Solar power is expected to be the fastest-growing energy source worldwide in the coming years. The share of global electricity generation from solar is expected to rise from its current 3% to more than 20% by 2050. That’s surely good news for companies in that segment of the energy industry, including solar panel manufacturers. However, it doesn’t guarantee rosy days for leading U.S. solar panel supplier First Solar (NASDAQ:FSLR). On the contrary, the company faces some serious challenges.
Competition is fierce
First Solar’s quarterly revenues grew at an average annualized rate of around 13% over the past 10 years. That looks impressive, but it pales in comparison to JinkoSolar‘s (NYSE:JKS) average growth of around 35% over the same period. Nor was it as good as Canadian Solar‘s (NASDAQ:CSIQ) 17% average revenue growth.
On a positive note, First Solar generated higher average gross margins than those rivals. First Solar can possibly beat its low-cost competition by selling better products that generate higher margins.
However, things look different when you examine its recent margin numbers. First Solar’s average gross margins over the last three years were 17.6% compared to its 10-year average of 22.4%. That decline reflects the level of margin pressure that First Solar has faced, and will continue to.
The rise in First Solar’s gross margin in the latest quarter (as shown in the graph above) was due partly to certain project sales in Japan and India. But those types of earnings fluctuate a lot, and they aren’t recurring. Moreover, the company is exploring options for its U.S. project development business — including the possibility of selling it.
A more focused approach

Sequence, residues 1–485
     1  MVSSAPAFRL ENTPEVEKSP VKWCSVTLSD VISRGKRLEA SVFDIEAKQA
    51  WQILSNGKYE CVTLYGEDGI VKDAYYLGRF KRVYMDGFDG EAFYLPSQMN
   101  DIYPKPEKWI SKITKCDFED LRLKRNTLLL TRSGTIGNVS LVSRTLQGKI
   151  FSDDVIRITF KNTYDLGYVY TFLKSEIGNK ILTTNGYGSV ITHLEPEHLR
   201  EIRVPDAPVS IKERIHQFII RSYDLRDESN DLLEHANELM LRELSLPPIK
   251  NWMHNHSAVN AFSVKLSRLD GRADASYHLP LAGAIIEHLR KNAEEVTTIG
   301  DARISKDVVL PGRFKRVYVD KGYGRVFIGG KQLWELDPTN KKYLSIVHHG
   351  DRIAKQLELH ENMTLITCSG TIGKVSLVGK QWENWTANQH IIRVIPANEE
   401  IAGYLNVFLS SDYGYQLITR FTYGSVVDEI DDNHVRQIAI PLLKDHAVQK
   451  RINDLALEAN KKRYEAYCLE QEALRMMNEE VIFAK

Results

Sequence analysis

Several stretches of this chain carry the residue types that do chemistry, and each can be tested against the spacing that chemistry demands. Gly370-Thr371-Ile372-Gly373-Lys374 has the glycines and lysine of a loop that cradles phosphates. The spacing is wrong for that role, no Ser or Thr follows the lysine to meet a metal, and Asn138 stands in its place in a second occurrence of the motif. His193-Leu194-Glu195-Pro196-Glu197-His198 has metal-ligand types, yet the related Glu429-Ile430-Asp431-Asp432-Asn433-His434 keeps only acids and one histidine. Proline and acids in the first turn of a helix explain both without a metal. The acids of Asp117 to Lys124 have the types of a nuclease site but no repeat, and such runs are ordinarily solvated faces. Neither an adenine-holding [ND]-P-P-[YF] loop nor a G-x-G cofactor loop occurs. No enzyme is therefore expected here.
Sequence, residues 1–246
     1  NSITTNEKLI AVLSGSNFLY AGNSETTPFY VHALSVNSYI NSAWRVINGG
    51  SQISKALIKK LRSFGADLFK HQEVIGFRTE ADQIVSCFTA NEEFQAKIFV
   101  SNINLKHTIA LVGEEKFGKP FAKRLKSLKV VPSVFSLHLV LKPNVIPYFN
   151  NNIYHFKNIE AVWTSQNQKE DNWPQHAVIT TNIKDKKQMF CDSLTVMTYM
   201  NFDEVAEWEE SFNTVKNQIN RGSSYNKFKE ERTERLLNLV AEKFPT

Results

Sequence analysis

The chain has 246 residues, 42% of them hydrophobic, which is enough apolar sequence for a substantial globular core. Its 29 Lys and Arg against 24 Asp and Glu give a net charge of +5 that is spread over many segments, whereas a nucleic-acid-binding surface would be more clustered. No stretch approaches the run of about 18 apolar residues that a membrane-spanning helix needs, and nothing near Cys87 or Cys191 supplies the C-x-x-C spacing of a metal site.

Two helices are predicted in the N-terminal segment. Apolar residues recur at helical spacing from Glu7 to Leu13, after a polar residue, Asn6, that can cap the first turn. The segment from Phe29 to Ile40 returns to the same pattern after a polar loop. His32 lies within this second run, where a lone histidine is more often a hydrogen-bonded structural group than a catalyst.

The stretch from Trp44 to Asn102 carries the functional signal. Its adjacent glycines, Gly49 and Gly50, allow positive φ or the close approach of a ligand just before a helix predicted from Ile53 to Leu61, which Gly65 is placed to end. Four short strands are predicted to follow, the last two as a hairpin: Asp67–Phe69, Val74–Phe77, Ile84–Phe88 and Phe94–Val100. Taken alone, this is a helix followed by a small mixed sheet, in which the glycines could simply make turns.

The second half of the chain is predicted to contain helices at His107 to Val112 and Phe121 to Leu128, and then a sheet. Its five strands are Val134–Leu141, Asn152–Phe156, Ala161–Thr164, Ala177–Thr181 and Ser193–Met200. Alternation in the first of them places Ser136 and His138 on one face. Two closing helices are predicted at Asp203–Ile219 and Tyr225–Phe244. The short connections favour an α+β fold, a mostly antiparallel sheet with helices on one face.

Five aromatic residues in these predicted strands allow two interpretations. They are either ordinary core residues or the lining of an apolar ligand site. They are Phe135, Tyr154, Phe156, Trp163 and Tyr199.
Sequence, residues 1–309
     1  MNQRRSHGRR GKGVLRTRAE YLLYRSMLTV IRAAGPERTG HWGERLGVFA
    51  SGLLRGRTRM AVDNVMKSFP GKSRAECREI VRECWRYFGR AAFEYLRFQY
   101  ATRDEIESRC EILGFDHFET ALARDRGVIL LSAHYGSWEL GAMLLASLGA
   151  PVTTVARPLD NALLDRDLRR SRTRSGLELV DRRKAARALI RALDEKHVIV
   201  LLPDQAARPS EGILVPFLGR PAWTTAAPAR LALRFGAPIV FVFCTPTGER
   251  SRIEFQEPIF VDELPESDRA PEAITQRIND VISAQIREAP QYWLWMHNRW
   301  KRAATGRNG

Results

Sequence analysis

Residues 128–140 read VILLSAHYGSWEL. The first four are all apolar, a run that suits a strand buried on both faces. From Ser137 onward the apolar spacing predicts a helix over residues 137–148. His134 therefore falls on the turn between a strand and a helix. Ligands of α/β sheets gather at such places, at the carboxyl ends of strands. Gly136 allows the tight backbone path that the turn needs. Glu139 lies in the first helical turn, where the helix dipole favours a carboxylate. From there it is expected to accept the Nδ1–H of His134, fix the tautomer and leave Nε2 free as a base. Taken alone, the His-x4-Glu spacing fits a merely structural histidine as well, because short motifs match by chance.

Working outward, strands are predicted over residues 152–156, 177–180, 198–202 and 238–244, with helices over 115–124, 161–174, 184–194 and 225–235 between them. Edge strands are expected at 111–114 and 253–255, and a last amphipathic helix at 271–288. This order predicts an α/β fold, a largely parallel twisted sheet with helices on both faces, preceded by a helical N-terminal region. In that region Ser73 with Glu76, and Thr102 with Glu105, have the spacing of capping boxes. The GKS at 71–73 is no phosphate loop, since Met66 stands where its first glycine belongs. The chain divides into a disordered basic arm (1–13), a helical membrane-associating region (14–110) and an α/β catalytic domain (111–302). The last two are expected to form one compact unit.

That decision by First Solar management to explore its options was based on its cost-return analysis of a competitive segment — part of a series of steps that it has been taking to turn itself into a more focused solar panel manufacturer. First Solar exited from its engineering, procurement, and construction business (EPC) business in 2019. The company now uses third-party EPC services. And in August, it agreed to sell its operations and maintenance business to NovaSource. The idea is to focus only on the highest-margin aspects of its business. While this may limit growth avenues for the company, it’s the right approach to improve returns.
Meanwhile, First Solar hopes to expand its module production capacity to around 8 GW (gigawatts) annually by the end of 2021. That would be an addition of around 2.5 GW from its expected 2020 shipments of 5.5 GW to 5.7 GW.
A rough outlook for margins
A favorable policy environment for renewable energy companies in the years ahead should benefit solar companies. And First Solar continues to take steps to become more cost-competitive. It opened production facilities in Vietnam and Malaysia and is exiting low-margin businesses. If management can continue to keep a lid on costs, the potential market for its solar panels is vast. However, margin pressure remains intense in this extremely competitive market, which will limit the potential for bottom-line growth.
First Solar is trading at a P/E ratio of more than 50. That’s not only much higher than the market’s average, it’s also higher than its peers. Solar stocks’ higher earnings growth potential likely accounts for them trading at higher P/E ratios than the average for the broader market.
Notably, First Solar has historically traded at a premium compared to its non-U.S. peers. However, the stock has been underperforming those peers, likely reflecting that it has displayed less ability to grow earnings than investors had expected.
Solar energy’s growth potential will provide a nice tailwind to solar stocks. But while First Solar, too, is poised to grow, I’m of the view that the stock may continue to underperform its peers. I find Canadian Solar a better buy now, based on its valuation and growth prospects.
This article represents the opinion of the writer, who may disagree with the “official” recommendation position of a Motley Fool premium advisory service. We’re motley! Questioning an investing thesis — even one of our own — helps us all think critically about investing and make decisions that help us become smarter, happier, and richer.
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